Tuesday, April 27, 2010

Goldman Again - a post to please no-one

As I watch the senators grill the Goldman folk I have to say that I am both impressed with the way they have gotten up to speed on the industry and yet displeased about how much they seem yet not to understand. Their lack of understanding is their undoing. I have been listening to this testimony today for over nine hours and I would not describe the questions as targeting the key issues like a laser.

Levin is compulsive about Goldman's large - HUGE short (the absolute size of the short); he is also compulsive about the idea that Goldman 'should' be an advocate of the assets Goldman sells to customers. These are two misguided positions by Senator Levin. Sorry, Carl, my fellow Michigander.

If the raw size of Goldman's 'short' in the mortgage market is an issue because it can impact the whole market then the issue should be one of governing market positions in instruments:instrument by instrument. Goldman had a huge short FOR THE PURPOSE OF hedging its huge 'long' in a weak and declining market. I don't think that is/was Carl's point. I don;t think Carl ever really made a damaging point on this subject. Testimonies began at 10AM and this point emerged early on; Yet it took us until Blankfein's commentary late in the day for it to be explained to Levin that the act of being a principle necessarily puts the dealer and his customer on different sides of the trade and with completely opposite risks, at least initially.

If a dealer is selling to a customer in a rising market or buying securities from customers in a falling market both circumstances put the dealer firm at great risk to 'service' the desires of his customer. These risks or interests cannot be 'aligned'. But that IS the business of the securities firm. Hedging that risk and managing it is the crux of the business. If firms sought out clients with the same market views it had, it would never do business with them!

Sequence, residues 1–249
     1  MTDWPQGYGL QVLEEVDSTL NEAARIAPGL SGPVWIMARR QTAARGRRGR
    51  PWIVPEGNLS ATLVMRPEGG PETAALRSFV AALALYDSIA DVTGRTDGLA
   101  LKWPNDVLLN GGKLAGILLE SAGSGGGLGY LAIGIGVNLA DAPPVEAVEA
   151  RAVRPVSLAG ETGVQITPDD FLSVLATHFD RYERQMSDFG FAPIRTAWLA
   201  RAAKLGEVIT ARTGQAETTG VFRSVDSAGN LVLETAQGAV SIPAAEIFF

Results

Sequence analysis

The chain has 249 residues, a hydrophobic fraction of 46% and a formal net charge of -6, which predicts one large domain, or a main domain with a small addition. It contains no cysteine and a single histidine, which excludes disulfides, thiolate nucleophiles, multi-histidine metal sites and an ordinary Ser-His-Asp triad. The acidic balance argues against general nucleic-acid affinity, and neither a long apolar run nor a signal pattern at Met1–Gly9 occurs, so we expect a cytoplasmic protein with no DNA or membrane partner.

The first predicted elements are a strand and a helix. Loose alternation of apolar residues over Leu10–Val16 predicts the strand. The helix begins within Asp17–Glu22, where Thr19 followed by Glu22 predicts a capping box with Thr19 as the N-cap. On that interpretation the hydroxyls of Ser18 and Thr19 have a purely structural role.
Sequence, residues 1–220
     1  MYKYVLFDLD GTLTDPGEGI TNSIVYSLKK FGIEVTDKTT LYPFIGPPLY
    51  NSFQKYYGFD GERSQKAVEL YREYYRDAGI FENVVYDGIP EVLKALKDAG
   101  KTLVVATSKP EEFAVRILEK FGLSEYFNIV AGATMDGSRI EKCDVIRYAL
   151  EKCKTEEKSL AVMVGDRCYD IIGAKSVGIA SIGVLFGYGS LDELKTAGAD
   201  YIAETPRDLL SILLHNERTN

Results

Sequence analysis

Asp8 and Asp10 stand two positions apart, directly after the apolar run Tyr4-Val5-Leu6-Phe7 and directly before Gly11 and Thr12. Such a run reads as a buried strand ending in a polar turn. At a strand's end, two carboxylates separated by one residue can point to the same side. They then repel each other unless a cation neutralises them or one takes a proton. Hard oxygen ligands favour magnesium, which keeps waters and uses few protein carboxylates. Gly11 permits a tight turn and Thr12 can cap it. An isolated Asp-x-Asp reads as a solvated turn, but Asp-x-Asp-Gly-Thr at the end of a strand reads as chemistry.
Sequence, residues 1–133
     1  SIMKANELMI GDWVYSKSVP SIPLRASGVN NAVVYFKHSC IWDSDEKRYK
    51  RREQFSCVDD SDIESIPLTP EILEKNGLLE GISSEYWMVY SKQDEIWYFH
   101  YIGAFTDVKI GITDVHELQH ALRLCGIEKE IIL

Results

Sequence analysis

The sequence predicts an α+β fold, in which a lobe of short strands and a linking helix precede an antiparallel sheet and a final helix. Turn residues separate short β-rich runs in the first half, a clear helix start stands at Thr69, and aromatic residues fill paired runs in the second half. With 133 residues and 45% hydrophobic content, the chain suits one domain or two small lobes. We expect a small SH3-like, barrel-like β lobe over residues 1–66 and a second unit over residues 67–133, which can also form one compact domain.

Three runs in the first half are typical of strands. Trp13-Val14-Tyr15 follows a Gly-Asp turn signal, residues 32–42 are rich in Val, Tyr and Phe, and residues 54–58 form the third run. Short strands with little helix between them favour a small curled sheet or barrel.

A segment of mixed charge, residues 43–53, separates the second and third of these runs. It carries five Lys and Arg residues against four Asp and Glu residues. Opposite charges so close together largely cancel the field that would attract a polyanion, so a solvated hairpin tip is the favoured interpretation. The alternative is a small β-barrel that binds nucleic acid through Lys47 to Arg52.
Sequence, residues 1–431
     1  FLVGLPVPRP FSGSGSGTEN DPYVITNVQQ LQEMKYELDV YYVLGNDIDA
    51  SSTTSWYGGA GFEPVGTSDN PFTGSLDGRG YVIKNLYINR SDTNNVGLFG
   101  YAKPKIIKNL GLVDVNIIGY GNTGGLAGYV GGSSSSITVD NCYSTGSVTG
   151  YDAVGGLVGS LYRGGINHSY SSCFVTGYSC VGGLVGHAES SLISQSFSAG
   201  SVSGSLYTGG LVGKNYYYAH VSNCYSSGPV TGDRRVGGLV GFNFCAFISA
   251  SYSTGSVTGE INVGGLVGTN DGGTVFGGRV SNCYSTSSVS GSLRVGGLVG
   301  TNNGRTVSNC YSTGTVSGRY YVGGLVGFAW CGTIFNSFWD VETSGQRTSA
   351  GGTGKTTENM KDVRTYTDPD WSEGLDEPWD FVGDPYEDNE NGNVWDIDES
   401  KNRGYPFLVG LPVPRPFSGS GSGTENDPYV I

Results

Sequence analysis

As for transparency, a friend of mine who has been a trader on Wall Street for a long time says the best skill l to being a trader is to play poker. If you played poker would you want your opponent to know what you held in your hand? Of course not. Dealers can't (read that as meaning 'ought not be required to'...) disclose their positions. Some of their customers are very sophisticated and would use that information against a dealer. Senators need to know that. Markets are adversarial. Each transactor needs to look after his or her own interests. Buyer beware! At the same time there are rules to promote fair play. That is the complication of markets; that the point the Senators are missing. 'Caveat emptor', yes, but seller be fair.

There are other business in in which firms undertake a true fiduciary responsibility for their clients. And Goldman is in some of those businesses. But those businesses are not about the deals the that the senators were taking about today.

Now all of this is very different from the charge that Goldman did not just trade securities but it created a security for a client that wanted the price of that security to fall. Now let's point out that while that is peculiar and seems reprehensible, if the deal is properly described there is nothing 'wrong' with it (it's not illegal).